weirdMap :: (a -> c) -> (b -> d) -> Weird a b -> Weird c d weirdMap fa fb = g where g (First x) = First (fa x) g (Second y) = Second (fb y) g (Third z) = --More to follow g (Fourth w) = --More to follow

`Third`

is trickier because it contains another data structure (a list) whose elements are themselves data structures (the tuples). So we need to navigate the nested data structures, apply `fa`

and `fb`

on all elements of type `a`

and `b`

inside it and eventually (as a map must preserve structure) produce a list of tuples – `[(c,d)]`

– to be used with the constructor. The simplest approach might seem to be just breaking down the list inside the `Weird`

and playing with the patterns:

g (Third []) = Third [] g (Third ((x,y):zs)) = Third ( (fa x, fb y) : ( (\(Third z) -> z) (g (Third zs)) ) )

This appears to be written as a typical recursive function for lists. We start by applying the functions of interest to the first element in order to obtain the head of the new list, `(fa x, fb y)`

. But what we will cons it to? As `g`

requires a `Weird`

argument we need to make a `Weird`

using the list tail in order to make the recursive call. But then `g`

will give a `Weird`

and not a list, so we have to retrieve the modified list from that – that's the role of the lambda function. And finally, there is also the empty list base case to be defined as well.

After all of that, we are left with a messy function. Every recursive call of `g`

requires wrapping `zs`

into a `Weird`

, while what we really wanted to do was to build a list with `(fa x, fb y)`

and the modified `xs`

. The problem with this solution is that `g`

can (thanks to pattern matching) act directly on the list head but (due to its type signature) can't be called directly on the list tail. For that reason, it would be better to apply `fa`

and `fb`

without breaking down the list with pattern matching (as far as `g`

is directly concerned, at least). But there *was* a way to directly modify a list element-by-element...

g (Third z) = Third ( map (\(x, y) -> (fa x, fb y) ) z)

...our good old `map`

function, which modifies all tuples in the list `z`

using a lambda function. In fact, the first attempt at writing the definition looked just like an application of the list map except for the spurious `Weird`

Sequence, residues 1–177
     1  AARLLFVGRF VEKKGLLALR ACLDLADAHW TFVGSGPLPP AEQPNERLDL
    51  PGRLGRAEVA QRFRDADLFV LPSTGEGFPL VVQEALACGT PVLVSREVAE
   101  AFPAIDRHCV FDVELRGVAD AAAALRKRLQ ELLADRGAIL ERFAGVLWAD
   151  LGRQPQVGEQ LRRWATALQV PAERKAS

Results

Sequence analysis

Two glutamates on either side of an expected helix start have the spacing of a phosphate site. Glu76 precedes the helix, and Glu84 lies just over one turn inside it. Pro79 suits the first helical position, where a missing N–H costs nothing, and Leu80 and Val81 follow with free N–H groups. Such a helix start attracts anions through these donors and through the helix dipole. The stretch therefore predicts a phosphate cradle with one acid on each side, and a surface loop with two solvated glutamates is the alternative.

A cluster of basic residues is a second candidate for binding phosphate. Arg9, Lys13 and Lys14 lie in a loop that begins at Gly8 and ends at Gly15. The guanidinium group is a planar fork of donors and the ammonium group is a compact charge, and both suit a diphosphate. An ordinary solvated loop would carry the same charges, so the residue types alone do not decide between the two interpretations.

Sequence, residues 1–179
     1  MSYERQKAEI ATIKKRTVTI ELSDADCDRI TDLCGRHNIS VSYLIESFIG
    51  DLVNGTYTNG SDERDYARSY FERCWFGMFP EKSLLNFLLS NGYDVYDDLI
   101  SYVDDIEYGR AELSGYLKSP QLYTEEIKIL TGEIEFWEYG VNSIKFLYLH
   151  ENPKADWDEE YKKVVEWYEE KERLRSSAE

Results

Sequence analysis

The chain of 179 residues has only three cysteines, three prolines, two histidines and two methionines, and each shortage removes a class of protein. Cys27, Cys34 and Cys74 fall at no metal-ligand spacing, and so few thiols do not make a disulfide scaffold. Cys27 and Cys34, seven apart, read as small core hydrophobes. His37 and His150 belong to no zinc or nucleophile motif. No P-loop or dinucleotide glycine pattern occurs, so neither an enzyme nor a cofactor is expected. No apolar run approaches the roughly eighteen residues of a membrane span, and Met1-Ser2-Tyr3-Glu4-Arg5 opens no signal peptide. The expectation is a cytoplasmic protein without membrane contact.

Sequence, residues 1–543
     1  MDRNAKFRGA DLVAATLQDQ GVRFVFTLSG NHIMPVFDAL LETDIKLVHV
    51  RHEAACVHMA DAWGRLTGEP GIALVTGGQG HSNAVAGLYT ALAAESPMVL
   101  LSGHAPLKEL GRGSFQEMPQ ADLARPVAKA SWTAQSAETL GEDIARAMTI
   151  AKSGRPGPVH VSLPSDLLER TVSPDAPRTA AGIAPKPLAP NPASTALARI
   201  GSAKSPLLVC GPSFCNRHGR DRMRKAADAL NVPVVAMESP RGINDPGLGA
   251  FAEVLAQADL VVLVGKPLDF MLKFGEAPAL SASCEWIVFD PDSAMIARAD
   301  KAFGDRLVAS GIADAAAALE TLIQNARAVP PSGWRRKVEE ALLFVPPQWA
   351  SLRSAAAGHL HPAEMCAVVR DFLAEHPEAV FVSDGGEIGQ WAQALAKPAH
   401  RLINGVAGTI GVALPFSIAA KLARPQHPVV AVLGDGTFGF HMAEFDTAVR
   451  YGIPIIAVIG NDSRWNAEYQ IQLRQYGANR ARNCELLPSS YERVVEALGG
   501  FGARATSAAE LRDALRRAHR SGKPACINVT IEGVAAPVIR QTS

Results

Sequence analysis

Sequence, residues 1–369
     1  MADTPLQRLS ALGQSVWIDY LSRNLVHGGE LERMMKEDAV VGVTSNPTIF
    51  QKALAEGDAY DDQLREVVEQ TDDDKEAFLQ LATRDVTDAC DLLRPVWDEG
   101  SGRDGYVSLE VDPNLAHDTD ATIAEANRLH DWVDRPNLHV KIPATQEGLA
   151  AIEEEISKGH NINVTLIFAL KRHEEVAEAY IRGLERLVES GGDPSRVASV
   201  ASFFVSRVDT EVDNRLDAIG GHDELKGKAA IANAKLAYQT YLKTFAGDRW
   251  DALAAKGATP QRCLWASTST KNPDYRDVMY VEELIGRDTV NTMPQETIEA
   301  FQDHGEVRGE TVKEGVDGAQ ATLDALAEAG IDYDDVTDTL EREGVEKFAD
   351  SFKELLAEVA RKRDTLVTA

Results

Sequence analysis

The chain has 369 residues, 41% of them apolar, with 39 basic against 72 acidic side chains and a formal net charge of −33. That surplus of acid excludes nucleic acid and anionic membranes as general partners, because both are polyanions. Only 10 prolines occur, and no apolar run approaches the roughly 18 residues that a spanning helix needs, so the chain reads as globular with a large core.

packing and unpacking. We got rid of these by having the pattern splitting of `z`

done by `map`

, which works directly with regular lists. You could find it useful to expand the map definition inside `g`

for seeing a clearer picture of that difference. Finally, you may prefer to write this new version in an alternative, very clean way using list comprehension syntax:

g (Third z) = Third [ (fa x, fb y) | (x,y) <- z ]

Adding the `Third`

function, we only have the `Fourth`

one left to do:

weirdMap :: (a -> c) -> (b -> d) -> Weird a b -> Weird c d weirdMap fa fb = g where g (First x) = First (fa x) g (Second y) = Second (fb y) g (Third z) = Third ( map (\(x, y) -> (fa x, fb y) ) z) g (Fourth w) = --More to follow

Dealing with the recursive `Fourth`

constructor is actually really easy. Just apply `g`

recursively!

weirdMap :: (a -> c) -> (b -> d) -> Weird a b -> Weird c d weirdMap fa fb = g where g (First x) = First (fa x) g (Second y) = Second (fb y) g (Third z) = Third ( map (\(x, y) -> (fa x, fb y) ) z) g (Fourth w) = Fourth (g w)

### General Fold[edit]

While we were able to define a map by specifying as arguments a function for every separate type, this isn't enough for a fold. For a fold, we'll need a function for every constructor function. This is also the case with lists! Remember the constructors of a list are `[]`

and `(:)`

. The `z`

argument in the `foldr`

function corresponds to the `[]`

constructor. The `f`

argument in the `foldr`

function corresponds to the `(:)`

constructor. The `Weird`

datatype has four constructors, so we need four functions – one for handling the internal structure of the datatype specified by each constructor. Next, we have an argument of the `Weird a b`

type, and finally we want the whole fold function to evaluate to a value of some other, arbitrary, type. Additionally, each individual function we pass to `weirdFold`

must evaluate to the same type `weirdFold`

does. That allows us to make a mock type signature and sketch the definition: